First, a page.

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The production line at BMW’s plant in Rosslyn, Gauteng. Picture: Waldo Swiegers/Bloomberg
The production line at BMW’s plant in Rosslyn, Gauteng. Picture: Waldo Swiegers/Bloomberg

Is Africa, with its lack of credit finance and transport infrastructure, ready to join the global electric vehicle (EV) revolution, or do the continent’s consumers simply want cheap, affordable transport?

Serge Kamuhinda, MD of Volkswagen Mobility Solutions in Rwanda, believes the continent must embrace new technologies or risk being left behind by the rest of the world.

Ashit Shah, a director of the Kenya Association of Manufacturers, says consumers have more basic requirements. A typical Kenyan car buyer, he says, wants a simple vehicle that can carry passengers during the week and goods at weekends.

Dave Coffey, CEO of the African Association of Automotive Manufacturers (AAAM), says there is room for both. If, as he argues, Africa’s annual new-vehicle market can reach 5-million within the next 15 years, motor companies will be able to build vehicles to meet everyone’s needs.

That 5-million is a world away at the moment. As things stand, the African new-vehicle market stands at barely 1-million — and nearly all those vehicles are sold in SA, Egypt and Morocco. Elsewhere used vehicles dominate. Many of these are dumped from developed markets.

AAAM is spearheading a movement to develop a pan-African motor industry consisting of interlinked, regional manufacturing centres in East, West, North and Southern Africa. The idea is that one country in each region would be the vehicle manufacturing “hub”, with neighbours providing components, technology and support services.

The proposed hubs are Kenya, Ghana, Egypt and SA. Nigeria, despite its economic size, has proved an unreliable automotive partner in West Africa. In the north, Morocco’s motor industry is the only one in Africa to come close to SA’s in size, but it considers itself an extension of the European automotive sector. Africa is not a priority at present.

Multinational vehicle and components companies are anxious to develop the African market. As Claudia Voss, MD of the German-African Business Association, told an AAAM webinar on vehicle affordability this week, internationally there are an average 180 vehicles for every 1,000 of the population. In some developed markets, that rises to 800. Across Africa, it’s 42 — and most of those vehicles are second-hand.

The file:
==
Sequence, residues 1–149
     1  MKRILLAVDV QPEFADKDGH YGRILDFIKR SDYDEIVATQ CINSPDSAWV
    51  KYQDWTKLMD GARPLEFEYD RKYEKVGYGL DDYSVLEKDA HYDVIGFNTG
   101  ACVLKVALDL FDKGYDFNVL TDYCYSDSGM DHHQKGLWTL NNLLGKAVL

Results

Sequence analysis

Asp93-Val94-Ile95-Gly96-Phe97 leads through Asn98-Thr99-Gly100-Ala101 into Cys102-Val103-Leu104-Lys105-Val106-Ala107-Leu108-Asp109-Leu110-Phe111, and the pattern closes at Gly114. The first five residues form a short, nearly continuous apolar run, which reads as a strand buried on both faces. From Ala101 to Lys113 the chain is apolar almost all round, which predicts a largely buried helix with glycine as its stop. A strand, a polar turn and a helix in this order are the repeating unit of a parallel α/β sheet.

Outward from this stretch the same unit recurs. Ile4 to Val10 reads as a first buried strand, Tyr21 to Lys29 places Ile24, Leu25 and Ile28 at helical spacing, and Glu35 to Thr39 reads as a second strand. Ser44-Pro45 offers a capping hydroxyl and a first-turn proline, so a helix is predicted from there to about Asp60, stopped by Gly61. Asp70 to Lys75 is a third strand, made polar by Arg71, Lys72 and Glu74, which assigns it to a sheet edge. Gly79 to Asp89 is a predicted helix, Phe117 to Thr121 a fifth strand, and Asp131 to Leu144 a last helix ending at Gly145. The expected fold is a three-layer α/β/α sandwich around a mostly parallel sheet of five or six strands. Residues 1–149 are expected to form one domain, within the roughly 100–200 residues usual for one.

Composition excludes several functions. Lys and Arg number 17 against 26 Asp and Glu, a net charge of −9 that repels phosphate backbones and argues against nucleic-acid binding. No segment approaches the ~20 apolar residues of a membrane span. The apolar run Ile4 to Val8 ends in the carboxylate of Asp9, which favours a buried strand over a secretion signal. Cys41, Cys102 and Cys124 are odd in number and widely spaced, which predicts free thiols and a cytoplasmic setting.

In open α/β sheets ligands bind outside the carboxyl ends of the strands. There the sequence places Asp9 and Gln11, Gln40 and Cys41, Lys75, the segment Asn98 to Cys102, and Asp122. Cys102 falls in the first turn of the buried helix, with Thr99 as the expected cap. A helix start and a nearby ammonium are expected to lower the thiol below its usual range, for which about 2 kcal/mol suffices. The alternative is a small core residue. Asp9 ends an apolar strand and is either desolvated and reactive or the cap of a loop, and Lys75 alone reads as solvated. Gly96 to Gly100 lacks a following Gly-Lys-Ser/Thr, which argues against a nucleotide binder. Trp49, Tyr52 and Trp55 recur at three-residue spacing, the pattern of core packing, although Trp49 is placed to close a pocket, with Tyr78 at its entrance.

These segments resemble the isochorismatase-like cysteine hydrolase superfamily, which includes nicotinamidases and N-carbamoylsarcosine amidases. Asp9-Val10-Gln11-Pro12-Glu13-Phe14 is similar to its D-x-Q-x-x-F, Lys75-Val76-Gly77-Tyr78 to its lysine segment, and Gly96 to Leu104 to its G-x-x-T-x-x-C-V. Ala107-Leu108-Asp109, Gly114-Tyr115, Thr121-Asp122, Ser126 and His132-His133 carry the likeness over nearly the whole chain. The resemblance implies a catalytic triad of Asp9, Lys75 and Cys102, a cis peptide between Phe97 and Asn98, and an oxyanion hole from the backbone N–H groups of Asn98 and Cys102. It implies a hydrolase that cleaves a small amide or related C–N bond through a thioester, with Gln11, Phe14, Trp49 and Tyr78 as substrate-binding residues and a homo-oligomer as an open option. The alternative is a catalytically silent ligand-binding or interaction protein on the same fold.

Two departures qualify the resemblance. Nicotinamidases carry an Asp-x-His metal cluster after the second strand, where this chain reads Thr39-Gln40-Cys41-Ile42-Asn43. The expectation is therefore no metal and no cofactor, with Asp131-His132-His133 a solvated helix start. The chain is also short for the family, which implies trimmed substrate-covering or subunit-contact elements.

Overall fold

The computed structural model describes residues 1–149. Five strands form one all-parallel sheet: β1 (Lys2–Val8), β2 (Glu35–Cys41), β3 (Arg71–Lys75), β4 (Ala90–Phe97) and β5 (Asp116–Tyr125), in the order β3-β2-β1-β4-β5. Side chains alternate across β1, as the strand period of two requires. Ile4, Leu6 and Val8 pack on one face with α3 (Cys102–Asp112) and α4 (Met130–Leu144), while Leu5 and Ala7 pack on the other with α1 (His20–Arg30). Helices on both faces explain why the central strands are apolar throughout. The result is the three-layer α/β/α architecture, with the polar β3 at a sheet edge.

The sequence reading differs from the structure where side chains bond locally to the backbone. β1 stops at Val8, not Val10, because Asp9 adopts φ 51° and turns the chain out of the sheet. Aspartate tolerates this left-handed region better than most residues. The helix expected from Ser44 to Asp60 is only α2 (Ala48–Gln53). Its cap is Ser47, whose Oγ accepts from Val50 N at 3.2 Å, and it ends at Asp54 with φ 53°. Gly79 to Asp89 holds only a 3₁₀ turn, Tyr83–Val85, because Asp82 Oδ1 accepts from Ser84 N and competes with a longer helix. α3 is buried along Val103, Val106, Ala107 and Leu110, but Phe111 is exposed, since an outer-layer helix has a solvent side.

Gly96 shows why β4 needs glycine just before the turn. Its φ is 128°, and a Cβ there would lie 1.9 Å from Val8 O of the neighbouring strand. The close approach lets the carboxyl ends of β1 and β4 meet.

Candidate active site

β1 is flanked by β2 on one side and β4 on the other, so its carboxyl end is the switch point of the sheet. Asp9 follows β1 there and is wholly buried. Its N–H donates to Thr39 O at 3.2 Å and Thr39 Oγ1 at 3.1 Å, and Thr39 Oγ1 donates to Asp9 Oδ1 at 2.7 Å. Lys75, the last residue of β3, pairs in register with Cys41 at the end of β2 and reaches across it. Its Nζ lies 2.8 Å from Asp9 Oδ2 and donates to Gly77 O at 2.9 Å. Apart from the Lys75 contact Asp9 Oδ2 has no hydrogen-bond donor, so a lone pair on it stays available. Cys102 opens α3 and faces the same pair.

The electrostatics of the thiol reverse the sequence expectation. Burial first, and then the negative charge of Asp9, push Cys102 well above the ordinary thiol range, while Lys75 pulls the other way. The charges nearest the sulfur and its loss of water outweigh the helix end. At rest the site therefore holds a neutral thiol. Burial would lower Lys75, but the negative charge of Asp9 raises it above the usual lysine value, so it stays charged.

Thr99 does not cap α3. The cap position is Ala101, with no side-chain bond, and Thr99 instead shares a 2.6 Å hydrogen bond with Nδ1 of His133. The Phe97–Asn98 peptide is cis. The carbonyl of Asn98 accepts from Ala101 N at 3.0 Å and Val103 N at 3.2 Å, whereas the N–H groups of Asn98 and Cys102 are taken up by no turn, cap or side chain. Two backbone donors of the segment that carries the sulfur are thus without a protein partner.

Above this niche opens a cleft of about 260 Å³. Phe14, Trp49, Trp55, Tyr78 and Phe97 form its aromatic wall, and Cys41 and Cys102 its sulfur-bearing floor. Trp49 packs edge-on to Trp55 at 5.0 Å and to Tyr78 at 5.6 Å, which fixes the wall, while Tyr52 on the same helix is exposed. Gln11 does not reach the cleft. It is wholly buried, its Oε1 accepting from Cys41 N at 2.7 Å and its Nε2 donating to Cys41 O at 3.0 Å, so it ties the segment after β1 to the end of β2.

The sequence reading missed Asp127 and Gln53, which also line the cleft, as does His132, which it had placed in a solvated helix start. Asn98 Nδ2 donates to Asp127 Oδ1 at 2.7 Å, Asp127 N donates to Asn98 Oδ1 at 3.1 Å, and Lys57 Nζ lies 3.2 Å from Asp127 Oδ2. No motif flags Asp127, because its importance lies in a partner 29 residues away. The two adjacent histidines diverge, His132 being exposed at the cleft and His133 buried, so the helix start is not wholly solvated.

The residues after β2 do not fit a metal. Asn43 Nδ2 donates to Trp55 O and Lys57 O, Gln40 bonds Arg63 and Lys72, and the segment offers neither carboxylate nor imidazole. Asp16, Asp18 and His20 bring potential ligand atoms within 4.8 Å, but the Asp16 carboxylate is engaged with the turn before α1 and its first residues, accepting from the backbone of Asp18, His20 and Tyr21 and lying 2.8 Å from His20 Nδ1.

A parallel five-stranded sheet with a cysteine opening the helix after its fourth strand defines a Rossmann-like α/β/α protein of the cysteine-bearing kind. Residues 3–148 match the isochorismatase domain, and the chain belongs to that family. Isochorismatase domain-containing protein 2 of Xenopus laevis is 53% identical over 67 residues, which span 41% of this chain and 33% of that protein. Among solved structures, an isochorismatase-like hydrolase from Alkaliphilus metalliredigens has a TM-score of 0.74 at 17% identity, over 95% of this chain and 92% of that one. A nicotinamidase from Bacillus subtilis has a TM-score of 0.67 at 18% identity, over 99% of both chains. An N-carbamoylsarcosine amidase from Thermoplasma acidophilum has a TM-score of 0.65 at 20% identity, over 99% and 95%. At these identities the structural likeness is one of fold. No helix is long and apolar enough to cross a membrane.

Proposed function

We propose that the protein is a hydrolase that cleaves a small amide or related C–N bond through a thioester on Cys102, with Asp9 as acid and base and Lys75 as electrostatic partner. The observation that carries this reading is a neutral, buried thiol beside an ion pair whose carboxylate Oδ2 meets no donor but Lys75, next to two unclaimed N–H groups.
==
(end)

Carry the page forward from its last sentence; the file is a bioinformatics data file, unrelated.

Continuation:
Frederick Seidu, a senior trade specialist at the Cairo-based African Export-Import Bank (Afreximbank), says this shortage of vehicles is not for want of demand. However, many African countries have not only high interest rates but also deficient banking systems where credit finance is unavailable.

He says 80% of African vehicle purchases are cash deals. “You should not have to save thousands of dollars up front to buy a vehicle.”

You should not have to save thousands of dollars up front to buy a vehicle
Frederick Seidu

Afreximbank is working with other commercial banks, some SA-based, to introduce credit finance in more countries. However, Seidu says finance access alone won’t create markets. Governments must stem the flood of dumped vehicles through their borders to create demand for new ones, and support development of a continental motor industry to build them affordably.

The African Continental Free Trade Area, which came into being last year, will be an enabler of these efforts through the lowering of trade barriers and the encouragement of industrial and economic co-operation. But, as with free-trade agreements in other parts of the world, it will take years of hard negotiating before it comes to fruition. Kamuhinda says the motor industry can set an example for continental co-operation.

Coffey believes that a 5-million vehicle market will justify 20 full-scale vehicle manufacturing plants — plus components and support industries to accompany them. SA already has seven plants, with two more potentially in the offing. If sales explode, it’s hard to believe Morocco and its mainly European automotive investors, most of whom don’t manufacture in SA, wouldn’t shift their attention southwards.

Nissan recently became the latest company to commission a plant in Ghana, to assemble imported vehicle kits. This is the first step towards a proper, regional manufacturing industry. An Afreximbank study has shown that several other West African countries want to be part of it. The bank plans to conduct similar studies in other regions.

Shah hopes that within 10 years Kenya will be home to an industry that builds vehicles containing at least 80% local content, rather than the tiny proportion now present in the small number of vehicles it produces. The country, he says, once had thriving motor companies before dumped imports killed them. Now the Nairobi government is throwing its weight behind the motor industry fightback.

So are other governments — even if some are frightened of curbing used imports, which are the only transport most citizens can afford. In Africa, with its widespread poverty and lack of opportunity, even cheap new vehicles don’t come cheap. Used imports can’t be stopped, but they must be managed.

There is a sense among industry insiders that momentum towards an African motor industry is becoming unstoppable; that the only question about development is its pace. As Seidu says, however, it won’t happen by chance. It will require co-ordinated action and will. The time for promises is over.


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